The CBP ruled in 2006 that in the event of a transition from one occupational health and safety service provider to another employees' records couldn’t be transferred to the new service provider without a legal framework.9 Further, the CBP did research in 2007 to determine whether a different approach is possible within the existing statutory framework.10 The outcome was to distinguish, "…between data that is not subject to medical professional secrecy and data that is."11 The final determination was that data that is not subject to medical professional secrecy may be transferred and data that is subject to medical professional secrecy may only be transferred under certain conditions.12

Health and genetic privacy

Medical records

The CBP has been tracking the progress of the implementation of an electronic child file (the Elektronisch Kind Dossier or EKD) which will record a child's development and environmental indicators from birth.13 Bringing the EKD online for youth health care was postponed until 1 January 2008 and is not expected to become compulsory until 2010.14 The CBP is particularly concerned about whether the data will be used outside the health care sector, for example to create a national reference index of young people at risk.15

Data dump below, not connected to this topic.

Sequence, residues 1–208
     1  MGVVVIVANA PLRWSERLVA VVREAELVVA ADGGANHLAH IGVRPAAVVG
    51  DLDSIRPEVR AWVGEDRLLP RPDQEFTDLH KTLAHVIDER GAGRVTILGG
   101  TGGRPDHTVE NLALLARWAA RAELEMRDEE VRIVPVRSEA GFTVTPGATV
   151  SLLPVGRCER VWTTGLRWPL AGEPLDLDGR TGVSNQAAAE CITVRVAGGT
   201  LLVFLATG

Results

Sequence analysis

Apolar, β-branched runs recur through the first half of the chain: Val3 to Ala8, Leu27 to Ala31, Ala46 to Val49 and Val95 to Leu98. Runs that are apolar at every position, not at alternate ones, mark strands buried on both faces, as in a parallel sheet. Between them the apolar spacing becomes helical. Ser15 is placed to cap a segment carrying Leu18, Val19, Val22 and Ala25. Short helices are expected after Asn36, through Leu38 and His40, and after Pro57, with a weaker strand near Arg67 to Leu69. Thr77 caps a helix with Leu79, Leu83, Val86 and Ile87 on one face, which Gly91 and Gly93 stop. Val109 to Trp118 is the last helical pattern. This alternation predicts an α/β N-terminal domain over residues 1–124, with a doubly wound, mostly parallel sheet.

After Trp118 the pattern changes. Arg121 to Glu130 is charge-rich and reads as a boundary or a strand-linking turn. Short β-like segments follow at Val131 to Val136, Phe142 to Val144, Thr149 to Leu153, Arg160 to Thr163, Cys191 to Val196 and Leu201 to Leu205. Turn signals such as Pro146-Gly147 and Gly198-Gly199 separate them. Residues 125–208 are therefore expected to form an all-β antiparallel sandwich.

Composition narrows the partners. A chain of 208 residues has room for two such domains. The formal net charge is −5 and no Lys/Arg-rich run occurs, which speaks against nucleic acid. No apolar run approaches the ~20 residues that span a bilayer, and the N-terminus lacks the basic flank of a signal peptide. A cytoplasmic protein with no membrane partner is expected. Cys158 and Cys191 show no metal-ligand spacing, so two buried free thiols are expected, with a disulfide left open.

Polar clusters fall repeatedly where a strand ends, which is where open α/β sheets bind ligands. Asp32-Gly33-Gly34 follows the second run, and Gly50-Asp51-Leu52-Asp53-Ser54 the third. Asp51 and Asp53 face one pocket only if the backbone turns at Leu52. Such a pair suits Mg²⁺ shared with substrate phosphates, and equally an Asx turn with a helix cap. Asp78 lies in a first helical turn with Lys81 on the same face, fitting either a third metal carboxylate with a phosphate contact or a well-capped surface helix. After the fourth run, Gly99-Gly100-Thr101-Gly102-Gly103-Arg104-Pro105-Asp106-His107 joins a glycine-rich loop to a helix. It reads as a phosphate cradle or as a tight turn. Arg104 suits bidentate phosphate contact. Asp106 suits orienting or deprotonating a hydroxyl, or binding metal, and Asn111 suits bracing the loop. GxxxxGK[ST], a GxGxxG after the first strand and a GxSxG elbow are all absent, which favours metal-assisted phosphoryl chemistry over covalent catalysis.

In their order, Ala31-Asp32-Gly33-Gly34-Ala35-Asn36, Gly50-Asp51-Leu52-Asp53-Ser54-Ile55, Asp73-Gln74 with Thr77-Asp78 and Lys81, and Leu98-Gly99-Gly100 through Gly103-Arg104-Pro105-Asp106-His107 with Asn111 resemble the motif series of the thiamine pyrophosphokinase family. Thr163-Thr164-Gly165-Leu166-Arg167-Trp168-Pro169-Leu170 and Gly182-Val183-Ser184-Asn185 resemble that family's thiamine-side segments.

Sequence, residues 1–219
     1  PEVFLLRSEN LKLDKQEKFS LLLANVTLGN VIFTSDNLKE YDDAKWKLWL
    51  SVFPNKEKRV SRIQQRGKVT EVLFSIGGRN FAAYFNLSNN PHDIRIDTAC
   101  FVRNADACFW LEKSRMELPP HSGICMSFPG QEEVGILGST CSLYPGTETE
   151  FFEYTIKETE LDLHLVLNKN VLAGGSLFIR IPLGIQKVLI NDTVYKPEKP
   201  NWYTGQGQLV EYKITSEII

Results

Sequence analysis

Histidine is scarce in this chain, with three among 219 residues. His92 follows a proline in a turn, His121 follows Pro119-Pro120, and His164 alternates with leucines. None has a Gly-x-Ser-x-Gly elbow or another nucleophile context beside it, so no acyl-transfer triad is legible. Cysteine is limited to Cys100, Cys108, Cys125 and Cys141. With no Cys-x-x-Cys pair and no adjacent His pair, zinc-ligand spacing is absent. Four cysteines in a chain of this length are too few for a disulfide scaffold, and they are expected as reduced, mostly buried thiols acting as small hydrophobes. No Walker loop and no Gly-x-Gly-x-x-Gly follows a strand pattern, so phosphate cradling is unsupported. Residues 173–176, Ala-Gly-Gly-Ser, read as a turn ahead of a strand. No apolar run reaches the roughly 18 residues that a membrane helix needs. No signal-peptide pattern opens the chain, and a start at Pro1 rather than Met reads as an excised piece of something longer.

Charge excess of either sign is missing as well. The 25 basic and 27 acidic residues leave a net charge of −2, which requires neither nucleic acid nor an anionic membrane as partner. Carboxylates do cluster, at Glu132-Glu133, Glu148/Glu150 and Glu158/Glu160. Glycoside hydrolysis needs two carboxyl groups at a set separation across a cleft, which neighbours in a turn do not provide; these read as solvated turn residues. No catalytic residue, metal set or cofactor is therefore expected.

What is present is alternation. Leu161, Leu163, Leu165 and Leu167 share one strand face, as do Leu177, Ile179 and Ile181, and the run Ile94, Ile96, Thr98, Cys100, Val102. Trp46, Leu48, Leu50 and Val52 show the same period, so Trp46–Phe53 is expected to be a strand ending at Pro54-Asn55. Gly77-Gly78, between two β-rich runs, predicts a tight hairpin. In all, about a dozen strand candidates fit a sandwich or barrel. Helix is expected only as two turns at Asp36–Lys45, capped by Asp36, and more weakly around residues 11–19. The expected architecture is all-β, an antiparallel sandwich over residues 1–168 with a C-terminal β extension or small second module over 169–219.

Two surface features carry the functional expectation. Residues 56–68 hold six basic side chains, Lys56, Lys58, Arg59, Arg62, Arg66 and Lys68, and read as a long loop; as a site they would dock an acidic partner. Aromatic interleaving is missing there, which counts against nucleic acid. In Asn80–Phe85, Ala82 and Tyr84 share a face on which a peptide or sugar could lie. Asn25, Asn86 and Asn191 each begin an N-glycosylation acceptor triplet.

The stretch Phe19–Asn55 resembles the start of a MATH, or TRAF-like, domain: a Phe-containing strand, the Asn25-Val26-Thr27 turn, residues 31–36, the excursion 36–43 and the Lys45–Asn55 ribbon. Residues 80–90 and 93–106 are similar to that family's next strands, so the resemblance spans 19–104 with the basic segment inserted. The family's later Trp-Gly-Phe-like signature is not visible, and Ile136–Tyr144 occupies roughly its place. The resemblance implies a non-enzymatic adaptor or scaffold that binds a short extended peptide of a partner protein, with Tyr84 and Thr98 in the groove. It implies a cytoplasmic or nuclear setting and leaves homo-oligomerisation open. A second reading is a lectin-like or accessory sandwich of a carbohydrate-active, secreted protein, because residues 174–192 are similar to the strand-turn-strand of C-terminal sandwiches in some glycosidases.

In the health sector, the CBP earlier issued an advisory on the draft legislation that introduces the electronic patient file (EPD). The CBP argues, "Making patient files available to all care providers is far too risky, partly with a view to the protection required for particularly sensitive personal data. With the exception of emergency situations, only care providers with a treatment relationship with a patient ought to have access to the record in question."16 The first parts of the electronic patient file infrastructure are now in place, but actual access to patient files is still beyond only those providers that have a treatment relationship with patients. When balancing the usability of the system and the need to retain the confidentiality of patient records, the former still prevails, although there is a post hoc control mechanism enabling patients to check who accessed their files. (for more information see Guido van 't Noordende, "Security in the Dutch electronic patient record system", ACM 2nd annual workshop on security and privacy in medical and home-care systems (SPIMACS), Chicago, USA, Oct 2010.)